There was an Intel press release yesterday announcing a group of companies including Intel, HP, Microsoft, NEC, NXP Semiconductor (formerly Philips Semiconductor) and TI have formed the 'USB Promoter Group' to create a superspeed personal USB interconnect that can deliver over 10 times the speed of today's connection. "We don't want to be the bottleneck in the system," said Jeff Ravencraft, an Intel executive overseeing the USB 3.0 initiative.
More from the press release: "USB (Universal Serial Bus) 3.0 will create a backward-compatible standard with the same ease-of-use and plug and play capabilities of previous USB technologies. Targeting over 10x performance increase, the technology will draw from the same architecture of wired USB. In addition, the USB 3.0 specification will be optimized for low power and improved protocol efficiency. USB 3.0 ports and cabling will be designed to enable backward compatibility as well as future-proofing for optical capabilities."
Some people are saying USB 3.0 will finally supplant FireWire. If it really delivers the 300 Mbytes/second or 4 Gbits/second theoretical speeds it obviously leapfrogs the 400 Mbit/second performance of FireWire 1394a and the 800 Mbit/sec for 1394b and 1394c. If the "Quality of Service" support for HD video also results in a very low jitter interface for audio, USB 3.0 is definitely the way to go. The only advantage for FireWire is cable distance. FireWire's 1394c can work over ethernet cable with speeds of 800 Mbit/second up to 100 meters and USB 3.0 may be limited to only 2 meters. However, it might be a long time before we see any audio interfaces that support 1394c. I've also read that the 1394 Trade Association is reading proposals for a 10 Gbit/second FireWire spec. For more detailed information on this, read this article in EETimes.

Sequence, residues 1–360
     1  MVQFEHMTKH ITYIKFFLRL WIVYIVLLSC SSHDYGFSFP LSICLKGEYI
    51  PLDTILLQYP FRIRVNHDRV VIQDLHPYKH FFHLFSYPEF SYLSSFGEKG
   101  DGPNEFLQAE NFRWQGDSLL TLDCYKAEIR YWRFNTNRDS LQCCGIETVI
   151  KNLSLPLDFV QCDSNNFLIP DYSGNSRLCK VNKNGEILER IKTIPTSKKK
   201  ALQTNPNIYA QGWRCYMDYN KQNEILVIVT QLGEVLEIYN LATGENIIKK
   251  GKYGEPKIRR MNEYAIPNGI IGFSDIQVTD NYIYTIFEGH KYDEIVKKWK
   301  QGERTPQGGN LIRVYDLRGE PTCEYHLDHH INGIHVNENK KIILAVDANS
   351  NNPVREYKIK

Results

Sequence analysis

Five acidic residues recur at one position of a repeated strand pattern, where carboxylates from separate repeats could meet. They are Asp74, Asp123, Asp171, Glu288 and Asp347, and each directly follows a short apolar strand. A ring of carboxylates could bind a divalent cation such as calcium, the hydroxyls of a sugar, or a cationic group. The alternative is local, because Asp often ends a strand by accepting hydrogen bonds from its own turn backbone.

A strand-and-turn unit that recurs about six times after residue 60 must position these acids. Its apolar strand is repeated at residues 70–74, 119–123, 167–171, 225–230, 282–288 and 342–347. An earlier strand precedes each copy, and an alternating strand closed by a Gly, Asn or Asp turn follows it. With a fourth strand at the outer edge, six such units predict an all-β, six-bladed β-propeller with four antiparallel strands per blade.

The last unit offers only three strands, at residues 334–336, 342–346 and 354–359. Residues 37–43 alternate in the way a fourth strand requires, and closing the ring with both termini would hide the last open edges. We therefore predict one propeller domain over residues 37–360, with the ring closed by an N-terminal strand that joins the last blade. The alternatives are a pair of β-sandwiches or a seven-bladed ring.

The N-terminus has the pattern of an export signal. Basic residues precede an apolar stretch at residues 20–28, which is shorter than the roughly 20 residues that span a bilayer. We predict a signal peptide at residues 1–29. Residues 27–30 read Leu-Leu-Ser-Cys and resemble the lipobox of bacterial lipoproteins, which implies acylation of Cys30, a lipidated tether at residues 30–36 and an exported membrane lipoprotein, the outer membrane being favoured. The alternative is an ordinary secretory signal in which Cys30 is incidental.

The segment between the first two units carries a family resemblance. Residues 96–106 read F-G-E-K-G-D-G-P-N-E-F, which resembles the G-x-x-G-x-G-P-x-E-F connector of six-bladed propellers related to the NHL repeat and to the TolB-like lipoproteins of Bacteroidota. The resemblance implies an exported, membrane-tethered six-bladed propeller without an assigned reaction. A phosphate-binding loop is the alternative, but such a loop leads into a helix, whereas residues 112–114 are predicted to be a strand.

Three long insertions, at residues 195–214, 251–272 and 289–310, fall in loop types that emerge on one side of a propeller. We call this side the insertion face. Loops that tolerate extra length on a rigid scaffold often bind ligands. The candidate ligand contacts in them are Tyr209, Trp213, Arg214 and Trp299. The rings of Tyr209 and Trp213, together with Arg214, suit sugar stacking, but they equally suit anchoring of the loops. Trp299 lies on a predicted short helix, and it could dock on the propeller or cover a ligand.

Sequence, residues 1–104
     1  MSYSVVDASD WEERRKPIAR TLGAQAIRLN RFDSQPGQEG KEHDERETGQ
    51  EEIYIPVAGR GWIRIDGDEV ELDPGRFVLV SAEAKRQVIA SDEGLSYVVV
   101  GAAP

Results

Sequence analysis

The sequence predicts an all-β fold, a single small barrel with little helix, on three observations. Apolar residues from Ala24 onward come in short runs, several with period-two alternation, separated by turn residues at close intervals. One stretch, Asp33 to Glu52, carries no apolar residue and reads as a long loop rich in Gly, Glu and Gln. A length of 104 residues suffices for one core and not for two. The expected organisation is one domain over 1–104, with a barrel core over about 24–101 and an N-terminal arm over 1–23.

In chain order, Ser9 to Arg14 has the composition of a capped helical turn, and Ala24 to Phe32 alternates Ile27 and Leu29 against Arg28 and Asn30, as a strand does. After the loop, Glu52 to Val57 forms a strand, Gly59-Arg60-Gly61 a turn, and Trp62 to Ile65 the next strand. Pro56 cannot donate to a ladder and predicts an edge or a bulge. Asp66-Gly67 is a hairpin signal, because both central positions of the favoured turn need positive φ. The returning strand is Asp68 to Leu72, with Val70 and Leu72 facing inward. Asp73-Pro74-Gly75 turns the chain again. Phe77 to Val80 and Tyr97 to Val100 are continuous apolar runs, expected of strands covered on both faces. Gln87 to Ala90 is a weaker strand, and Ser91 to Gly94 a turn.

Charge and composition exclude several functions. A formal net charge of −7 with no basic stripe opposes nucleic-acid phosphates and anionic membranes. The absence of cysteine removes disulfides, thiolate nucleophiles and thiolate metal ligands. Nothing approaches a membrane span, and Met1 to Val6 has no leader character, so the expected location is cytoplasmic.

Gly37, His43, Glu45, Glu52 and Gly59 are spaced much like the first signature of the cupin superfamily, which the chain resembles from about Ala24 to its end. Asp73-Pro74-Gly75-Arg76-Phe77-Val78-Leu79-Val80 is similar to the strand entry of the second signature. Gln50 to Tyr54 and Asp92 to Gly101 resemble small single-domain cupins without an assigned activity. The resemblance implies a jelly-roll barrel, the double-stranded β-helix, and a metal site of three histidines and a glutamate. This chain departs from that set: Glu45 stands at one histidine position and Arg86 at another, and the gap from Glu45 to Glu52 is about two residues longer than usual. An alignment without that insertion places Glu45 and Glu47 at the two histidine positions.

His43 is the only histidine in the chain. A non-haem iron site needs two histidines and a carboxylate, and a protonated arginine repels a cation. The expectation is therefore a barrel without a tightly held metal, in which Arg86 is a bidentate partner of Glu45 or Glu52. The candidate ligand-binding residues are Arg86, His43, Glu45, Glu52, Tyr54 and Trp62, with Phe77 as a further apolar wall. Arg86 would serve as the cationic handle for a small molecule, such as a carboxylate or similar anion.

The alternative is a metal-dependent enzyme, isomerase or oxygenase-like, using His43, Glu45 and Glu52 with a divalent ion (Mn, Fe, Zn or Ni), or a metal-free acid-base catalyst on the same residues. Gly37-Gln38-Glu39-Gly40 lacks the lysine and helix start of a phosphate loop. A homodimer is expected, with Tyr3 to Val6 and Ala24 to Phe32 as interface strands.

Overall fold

It will be awhile before we see any USB 3.0 chipsets and drivers for USB Audio, so this probably won't have any impact on our current development efforts. It would be nice if we finally had an interconnect that was very high performance (meaning it could handle up to 24 or more channels of 24bit/192kHz audio with extremely low jitter) and was available on all shipping PCs.